Freedom of Religion & The Magician’s Nephew

Religious Freedom is under attack today in ways that would hardly be imaginable just 10 years ago. Of course no one is going to say that they don’t believe in the freedom of religion. Rather, attacks against the first amendment come camouflaged in conversations about equality regardless of sexual orientation, reproductive rights, etc. Not surprisingly, the platform for these arguments is none other President Obama’s White House.

All of this reminds me of a conversation between Digory and his uncle in CS Lewis’ The Magicians Nephew. Digory’s uncle has just cast a little girl (Polly) into another world with no regard for her safety at all. When Digory protests to this “rotten” deed, his uncle responds with these words:

“Rotten?” said Uncle Andrew with a puzzled look. “Oh, I see. You mean that little boys ought to keep their promises. Very true: most right and proper, I’m sure, and I’m very glad you have been taught to do it. But of course you must understand that rules of that sort, however excellent they may be for little boys – and servants – and women – and even people in general, can’t possibly be expected to apply to profound students and great thinkers and sages. No, Digory. Men like me, who possess hidden wisdom, are freed from common rules just as we are cut off from common pleasures. Ours, my boy is a high and lonely destiny.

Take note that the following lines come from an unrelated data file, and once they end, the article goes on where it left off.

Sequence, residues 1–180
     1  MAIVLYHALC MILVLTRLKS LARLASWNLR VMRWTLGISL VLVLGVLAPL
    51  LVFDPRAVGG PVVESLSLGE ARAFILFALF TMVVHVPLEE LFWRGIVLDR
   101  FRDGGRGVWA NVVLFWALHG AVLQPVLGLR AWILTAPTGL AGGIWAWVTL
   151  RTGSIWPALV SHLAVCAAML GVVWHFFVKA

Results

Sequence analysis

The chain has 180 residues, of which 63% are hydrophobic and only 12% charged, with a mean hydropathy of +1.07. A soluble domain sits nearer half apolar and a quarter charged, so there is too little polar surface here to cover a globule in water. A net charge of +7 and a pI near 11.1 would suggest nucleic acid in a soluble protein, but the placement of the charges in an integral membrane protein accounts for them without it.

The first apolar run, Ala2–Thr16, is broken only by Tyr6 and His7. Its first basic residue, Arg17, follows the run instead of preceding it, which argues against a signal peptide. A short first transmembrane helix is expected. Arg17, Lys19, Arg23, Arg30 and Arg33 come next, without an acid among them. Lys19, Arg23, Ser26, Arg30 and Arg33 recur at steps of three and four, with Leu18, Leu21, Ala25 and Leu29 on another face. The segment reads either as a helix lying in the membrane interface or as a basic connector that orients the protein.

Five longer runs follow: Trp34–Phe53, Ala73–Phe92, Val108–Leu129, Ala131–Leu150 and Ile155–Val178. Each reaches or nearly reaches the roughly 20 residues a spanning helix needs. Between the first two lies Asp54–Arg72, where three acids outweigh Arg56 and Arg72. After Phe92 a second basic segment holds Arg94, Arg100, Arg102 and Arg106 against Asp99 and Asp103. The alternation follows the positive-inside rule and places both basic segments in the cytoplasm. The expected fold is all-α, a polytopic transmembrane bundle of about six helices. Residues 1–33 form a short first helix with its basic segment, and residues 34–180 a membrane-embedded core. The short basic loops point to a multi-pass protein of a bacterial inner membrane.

As he said this he sighed and looked so grave and noble and mysterious that for a second Digory really thought he was saying something rather fine. But then he remembered the ugly look he had seen on his Uncle’s face the moment before Polly had vanished: and all at once he saw through Uncle Andrew’s grand words. “All it means,” he said to himself, “is that he thinks he can do anything he like to get anything he wants.” [emphasis mine]

All of the fine arguments that the president and the left are making today are nothing more than an attempt to “do anything he likes to get anything he wants” regardless of the first amendment.

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July 21 2014 08:23 am | Blog

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